By Hannah Torregoza
Senator Panfilo “Ping” Lacson on Thursday gave the assurance that the proposed anti-terrorism law has sufficient safeguards to ensure it won’t be used against members of the opposition.
Lacson said the proposed new anti-terrorism law that the Senate approved on third and final reading on Wednesday upholds freedom of expression and freedom of assembly, among other rights.
“It’s clear in the proposed law that activities in line with the exercise of legitimate dissent are not included in its provisions,” Lacson said at a Kapihan sa Senado forum on Thursday.
“We defined the acts of terrorism in such a way the intent and purpose is clear and that it is within the context of violation, terrorism.”
Lacson, who heads the Senate committee on national defense and security and is sponsor of the measure, said he understands the concerns aired by opposition senators Francis “Kiko” Pangilinan and Risa Hontiveros who voted against the measure.
Both senators expressed fear that the measure, once passed into law, would be used against members of the opposition, especially those who are vocally critical of the present Duterte administration.
But Lacson said the proposed law has introduced certain mechanisms to make sure that the conduct of electronic surveillance or other forms of surveillance will not be easily carried out against any individual or known members of the opposition, especially if it does not follow the proper legal procedures.
“We have to follow legal procedures. You cannot just conduct electronic surveillance or whatever kind of surveillance if you didn’t get the permission from the courts,” he said.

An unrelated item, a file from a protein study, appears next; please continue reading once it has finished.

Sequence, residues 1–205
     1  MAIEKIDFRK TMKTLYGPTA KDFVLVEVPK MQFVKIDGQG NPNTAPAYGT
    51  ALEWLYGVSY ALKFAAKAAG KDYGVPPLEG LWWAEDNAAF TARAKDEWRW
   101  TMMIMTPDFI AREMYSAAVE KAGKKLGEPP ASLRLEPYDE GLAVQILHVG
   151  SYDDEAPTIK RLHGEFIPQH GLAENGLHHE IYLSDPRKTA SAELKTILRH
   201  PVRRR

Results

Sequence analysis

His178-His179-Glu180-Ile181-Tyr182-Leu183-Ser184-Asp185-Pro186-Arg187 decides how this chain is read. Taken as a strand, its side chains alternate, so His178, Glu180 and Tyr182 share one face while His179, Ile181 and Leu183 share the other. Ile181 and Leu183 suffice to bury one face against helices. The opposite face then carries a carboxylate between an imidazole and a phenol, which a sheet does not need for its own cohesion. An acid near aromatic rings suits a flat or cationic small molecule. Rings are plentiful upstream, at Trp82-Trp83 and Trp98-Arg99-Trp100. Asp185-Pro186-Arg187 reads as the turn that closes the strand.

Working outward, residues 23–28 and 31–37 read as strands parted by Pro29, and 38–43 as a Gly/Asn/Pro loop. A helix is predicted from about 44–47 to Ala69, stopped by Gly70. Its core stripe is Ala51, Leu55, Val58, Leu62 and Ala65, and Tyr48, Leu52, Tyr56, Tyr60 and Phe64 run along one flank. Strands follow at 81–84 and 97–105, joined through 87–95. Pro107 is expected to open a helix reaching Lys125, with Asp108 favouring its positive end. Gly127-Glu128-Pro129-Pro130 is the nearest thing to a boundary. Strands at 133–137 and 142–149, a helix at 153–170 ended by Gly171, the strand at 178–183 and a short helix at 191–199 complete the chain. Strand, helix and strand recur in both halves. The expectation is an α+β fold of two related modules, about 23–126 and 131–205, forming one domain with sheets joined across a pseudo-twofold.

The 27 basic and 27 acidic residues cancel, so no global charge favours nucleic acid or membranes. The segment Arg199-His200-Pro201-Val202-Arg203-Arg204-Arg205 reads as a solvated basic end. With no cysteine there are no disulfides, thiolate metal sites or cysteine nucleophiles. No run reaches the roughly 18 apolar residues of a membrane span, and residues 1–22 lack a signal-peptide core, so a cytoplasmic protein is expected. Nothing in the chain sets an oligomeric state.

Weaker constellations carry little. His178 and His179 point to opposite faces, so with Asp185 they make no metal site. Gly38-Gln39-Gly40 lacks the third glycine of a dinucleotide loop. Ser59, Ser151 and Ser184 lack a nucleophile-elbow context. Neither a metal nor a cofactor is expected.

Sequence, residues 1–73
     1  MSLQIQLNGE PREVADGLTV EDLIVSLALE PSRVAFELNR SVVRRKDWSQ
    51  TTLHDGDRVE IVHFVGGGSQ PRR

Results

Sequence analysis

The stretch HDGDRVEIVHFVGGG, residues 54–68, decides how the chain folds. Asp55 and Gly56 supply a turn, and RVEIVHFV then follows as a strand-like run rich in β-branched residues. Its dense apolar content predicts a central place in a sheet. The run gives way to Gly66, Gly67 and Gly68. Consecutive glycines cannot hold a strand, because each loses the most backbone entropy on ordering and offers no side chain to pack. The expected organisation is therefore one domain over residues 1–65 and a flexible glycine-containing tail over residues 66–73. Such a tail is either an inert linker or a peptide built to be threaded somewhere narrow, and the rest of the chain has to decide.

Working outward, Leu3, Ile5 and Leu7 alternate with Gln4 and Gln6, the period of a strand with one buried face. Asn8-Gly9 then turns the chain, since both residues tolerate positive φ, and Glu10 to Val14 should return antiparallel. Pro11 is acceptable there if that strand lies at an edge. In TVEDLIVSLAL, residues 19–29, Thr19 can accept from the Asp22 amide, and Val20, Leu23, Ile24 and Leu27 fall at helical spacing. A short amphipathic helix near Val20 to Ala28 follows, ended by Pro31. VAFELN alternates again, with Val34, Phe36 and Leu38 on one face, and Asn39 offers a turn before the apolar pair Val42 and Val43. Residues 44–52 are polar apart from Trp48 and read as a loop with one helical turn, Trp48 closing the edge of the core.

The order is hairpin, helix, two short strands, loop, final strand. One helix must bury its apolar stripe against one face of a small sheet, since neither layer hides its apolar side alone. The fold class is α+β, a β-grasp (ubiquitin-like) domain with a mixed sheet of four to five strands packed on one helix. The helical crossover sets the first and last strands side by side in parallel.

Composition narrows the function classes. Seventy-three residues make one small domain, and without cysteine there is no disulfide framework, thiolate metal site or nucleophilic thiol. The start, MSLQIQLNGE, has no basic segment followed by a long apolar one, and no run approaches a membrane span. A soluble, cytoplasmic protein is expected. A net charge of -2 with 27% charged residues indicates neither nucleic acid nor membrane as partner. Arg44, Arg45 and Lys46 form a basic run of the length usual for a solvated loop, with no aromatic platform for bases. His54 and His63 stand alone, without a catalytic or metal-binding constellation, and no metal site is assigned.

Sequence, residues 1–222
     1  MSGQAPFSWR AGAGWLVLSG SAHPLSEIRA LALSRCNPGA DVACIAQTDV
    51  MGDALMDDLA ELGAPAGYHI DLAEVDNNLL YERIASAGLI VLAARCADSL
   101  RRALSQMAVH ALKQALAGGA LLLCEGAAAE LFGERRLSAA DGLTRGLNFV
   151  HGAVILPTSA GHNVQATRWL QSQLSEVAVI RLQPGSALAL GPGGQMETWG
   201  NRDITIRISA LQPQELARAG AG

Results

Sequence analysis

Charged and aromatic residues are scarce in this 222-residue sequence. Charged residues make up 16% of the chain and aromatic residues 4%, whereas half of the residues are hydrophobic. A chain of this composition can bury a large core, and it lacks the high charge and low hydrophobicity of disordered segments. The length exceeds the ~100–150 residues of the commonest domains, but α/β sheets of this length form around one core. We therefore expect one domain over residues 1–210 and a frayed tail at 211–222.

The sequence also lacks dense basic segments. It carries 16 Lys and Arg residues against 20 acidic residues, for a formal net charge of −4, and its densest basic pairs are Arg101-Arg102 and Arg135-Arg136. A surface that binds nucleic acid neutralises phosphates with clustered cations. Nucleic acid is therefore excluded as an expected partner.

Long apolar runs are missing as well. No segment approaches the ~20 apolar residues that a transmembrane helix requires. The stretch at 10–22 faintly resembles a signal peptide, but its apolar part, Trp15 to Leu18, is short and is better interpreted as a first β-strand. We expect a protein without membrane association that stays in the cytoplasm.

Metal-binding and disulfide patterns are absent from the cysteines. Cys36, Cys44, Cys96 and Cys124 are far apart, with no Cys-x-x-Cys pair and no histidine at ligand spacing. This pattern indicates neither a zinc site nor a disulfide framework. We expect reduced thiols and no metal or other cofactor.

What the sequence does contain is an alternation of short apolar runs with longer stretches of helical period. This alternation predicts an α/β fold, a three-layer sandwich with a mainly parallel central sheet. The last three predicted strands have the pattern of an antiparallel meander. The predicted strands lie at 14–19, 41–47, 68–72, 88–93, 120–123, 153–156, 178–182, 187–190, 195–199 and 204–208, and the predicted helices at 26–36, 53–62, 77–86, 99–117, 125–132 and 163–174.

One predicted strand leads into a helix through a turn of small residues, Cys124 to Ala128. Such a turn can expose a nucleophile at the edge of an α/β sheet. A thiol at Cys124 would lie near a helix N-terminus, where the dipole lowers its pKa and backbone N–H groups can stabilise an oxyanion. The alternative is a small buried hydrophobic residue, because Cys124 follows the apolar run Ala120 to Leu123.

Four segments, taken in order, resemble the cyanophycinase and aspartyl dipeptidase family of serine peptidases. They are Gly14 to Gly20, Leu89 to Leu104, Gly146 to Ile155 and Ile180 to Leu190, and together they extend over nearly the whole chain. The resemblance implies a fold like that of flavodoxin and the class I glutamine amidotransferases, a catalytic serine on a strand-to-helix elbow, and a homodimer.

“In fact, Senator (Franklin) Drilon did not just [seek] the intervention from the regional trial courts (RTC), we elevated the process of obtaining judicial authorization to conduct surveillance to the Court of Appeals (CA),” he pointed out.
Lacson also said the panel decided to increase the reglamentary period from 36 hours to 14 working days.
“It is because this (terrorism) is no ordinary crime against persons or property but crime against humanity. And its impact on the destruction of lives and property is so massive and so indiscriminate,” he pointed out.
“We are just trying to be at par with other countries especially our neighboring countries. Singapore has a reglamentary period of 732 days; it can also be extended indefinitely…We are one of those who have a lower reglamentary period, 14 days period to detain without warrant,” he explained.
Once Senate Bill No. 1083 is passed into law, the Anti-Terrorism Act of 2020 will effectively repeal the Human Security Act (HSA) of 2007, which Lacson said “was literally a dead-letter law.”
Lacson said this is why, under the proposed new anti-terrorism law, they removed the provision that requires the payment of P500,000 compensation for those wrongfully detained.
“That is the reason why the police, the National Bureau of Investigation (NBI), and even the Armed Forces of the Philippines (AFP) are hesitant to file charges using the HSA because they are afraid that once the cases are dismissed, they will be penalized with P500,000 per day of detention,” he said.
Lacson said that under the proposed law, nothing will prevent those wrongfully arrested from seeking compensation once they are wrongfully accused of the crime under this anti-terrorism measure.
“That is in the Civil Code…that is well within their rights to seek compensation or even exact criminal liabilities from those who wrongfully arrested and detained them,” he said.
Lacson said he is confident the House of Representatives will expedite the passage of the counterpart measure so they can submit their version to the Senate as soon as possible.